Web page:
Volume 25, Number 5—May 2019
Severe Myasthenic Manifestation of Leptospirosis Associated with New Sequence Type of Leptospira interrogans
We report the rapid development of a myasthenic crisis as the first-time manifestation of myasthenia gravis. The symptoms developed in the course of acute leptospirosis associated with a new sequence type of Leptospira interrogans. Antibiotic treatment led to rapid amelioration of myasthenia.
Leptospirosis is a global zoonotic disease, endemic in tropical areas, and caused by spirochetes of the genus Leptospira (1). Involvement of the nervous system is rare, and only single cases involving aseptic meningitis, encephalitis, movement disorders, neuritis, and polymyositis, among others (2,3), have been reported. We report a case of leptospirosis leading to a myasthenic crisis and subsequent diagnosis of a rare form of myasthenia gravis (MG) in a previously healthy traveler returning to Austria from Southeast Asia.
In August 2017, a previously healthy man, 32 years of age, visited an emergency department in Vienna, Austria, because of generalized weakness, malaise, double vision, and a 2-day history of fever and diarrhea. His medical history was unremarkable, and he was not taking any medication. Three days before the onset of symptoms, he had returned from a 4-week vacation in Vietnam and Thailand, where he swam in a waterfall pool and came into contact with indigenous animals. In particular, he helped to wash elephants in northern Thailand 1 week before his return. He reported feeling well upon arrival in Austria and even went white-water rafting in an alpine area the next day without experiencing weakness or malaise. However, 1 day later he noticed fatigability in his legs when walking up stairs, and nonbloody diarrhea developed. The diarrhea subsided, but other symptoms progressively worsened until he had trouble swallowing and walking.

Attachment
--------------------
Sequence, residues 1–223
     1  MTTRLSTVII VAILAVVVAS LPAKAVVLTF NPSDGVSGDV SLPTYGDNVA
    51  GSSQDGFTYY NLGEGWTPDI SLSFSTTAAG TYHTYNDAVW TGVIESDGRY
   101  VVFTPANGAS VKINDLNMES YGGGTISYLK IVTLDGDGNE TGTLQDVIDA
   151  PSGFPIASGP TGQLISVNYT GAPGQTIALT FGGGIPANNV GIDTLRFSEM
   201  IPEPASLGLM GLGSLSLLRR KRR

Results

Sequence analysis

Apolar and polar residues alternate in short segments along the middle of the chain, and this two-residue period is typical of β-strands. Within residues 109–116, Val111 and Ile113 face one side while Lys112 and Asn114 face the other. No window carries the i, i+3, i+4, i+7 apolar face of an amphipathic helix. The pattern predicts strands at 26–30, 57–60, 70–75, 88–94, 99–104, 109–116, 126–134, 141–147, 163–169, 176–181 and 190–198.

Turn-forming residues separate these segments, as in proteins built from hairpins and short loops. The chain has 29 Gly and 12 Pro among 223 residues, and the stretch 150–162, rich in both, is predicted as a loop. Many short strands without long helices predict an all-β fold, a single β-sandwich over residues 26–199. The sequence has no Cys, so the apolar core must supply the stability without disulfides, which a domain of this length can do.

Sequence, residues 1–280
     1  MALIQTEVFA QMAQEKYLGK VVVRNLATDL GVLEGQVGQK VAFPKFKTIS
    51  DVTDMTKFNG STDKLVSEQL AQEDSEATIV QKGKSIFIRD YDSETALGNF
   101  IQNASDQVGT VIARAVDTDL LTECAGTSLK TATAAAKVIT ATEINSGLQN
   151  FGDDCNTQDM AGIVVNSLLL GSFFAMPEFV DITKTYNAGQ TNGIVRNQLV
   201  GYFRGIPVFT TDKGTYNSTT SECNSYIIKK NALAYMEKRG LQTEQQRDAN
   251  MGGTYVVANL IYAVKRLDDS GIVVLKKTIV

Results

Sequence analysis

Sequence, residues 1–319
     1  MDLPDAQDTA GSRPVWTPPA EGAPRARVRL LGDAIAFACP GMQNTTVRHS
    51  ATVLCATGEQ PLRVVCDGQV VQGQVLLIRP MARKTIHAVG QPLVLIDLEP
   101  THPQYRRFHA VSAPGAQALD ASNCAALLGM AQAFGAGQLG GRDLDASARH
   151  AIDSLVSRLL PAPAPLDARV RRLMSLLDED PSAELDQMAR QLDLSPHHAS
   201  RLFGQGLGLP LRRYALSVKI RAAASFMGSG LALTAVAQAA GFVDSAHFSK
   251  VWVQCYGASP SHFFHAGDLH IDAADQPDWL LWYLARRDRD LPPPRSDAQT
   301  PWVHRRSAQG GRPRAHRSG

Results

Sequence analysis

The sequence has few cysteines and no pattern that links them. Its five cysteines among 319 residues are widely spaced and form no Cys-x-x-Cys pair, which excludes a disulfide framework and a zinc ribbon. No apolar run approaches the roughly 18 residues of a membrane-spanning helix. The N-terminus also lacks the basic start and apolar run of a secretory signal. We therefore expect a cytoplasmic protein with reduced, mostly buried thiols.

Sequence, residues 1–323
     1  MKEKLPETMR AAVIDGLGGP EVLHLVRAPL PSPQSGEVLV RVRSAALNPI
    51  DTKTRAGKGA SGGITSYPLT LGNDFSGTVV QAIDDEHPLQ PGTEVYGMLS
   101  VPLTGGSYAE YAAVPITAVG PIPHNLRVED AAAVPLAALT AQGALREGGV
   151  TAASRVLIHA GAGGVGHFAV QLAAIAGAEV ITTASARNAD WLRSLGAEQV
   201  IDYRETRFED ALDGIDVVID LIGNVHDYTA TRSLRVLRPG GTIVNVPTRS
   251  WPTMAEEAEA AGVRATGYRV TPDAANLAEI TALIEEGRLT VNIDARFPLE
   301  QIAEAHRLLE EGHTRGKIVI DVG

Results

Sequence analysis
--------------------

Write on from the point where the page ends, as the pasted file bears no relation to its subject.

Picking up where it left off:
A physical examination at the emergency department revealed elevated temperature (38.0°C), pulse (138 bpm), and blood pressure (146/104 mm Hg). The patient displayed typical myasthenic symptoms, including bilateral ptosis, Cogan’s lid twitch signs, bilateral weakness of ocular movements, and dysarthria. Symptoms worsened with prolonged talking, including dysphagia and myasthenic weakness of all limbs, such that the patient was dependent on a wheelchair and unable to raise his arms.
Laboratory diagnostic tests revealed elevated C-reactive protein (27.72 mg/dL [reference <0.50 mg/dL]) and gamma-glutamyl-transferase (491 U/L [reference <60 U/L]), with left shift of leukocytes and proteinuria. Other laboratory parameters were within reference limits. In cerebrospinal fluid, cell counts and protein concentration were within reference limits, but intrathecal IgG production was evident.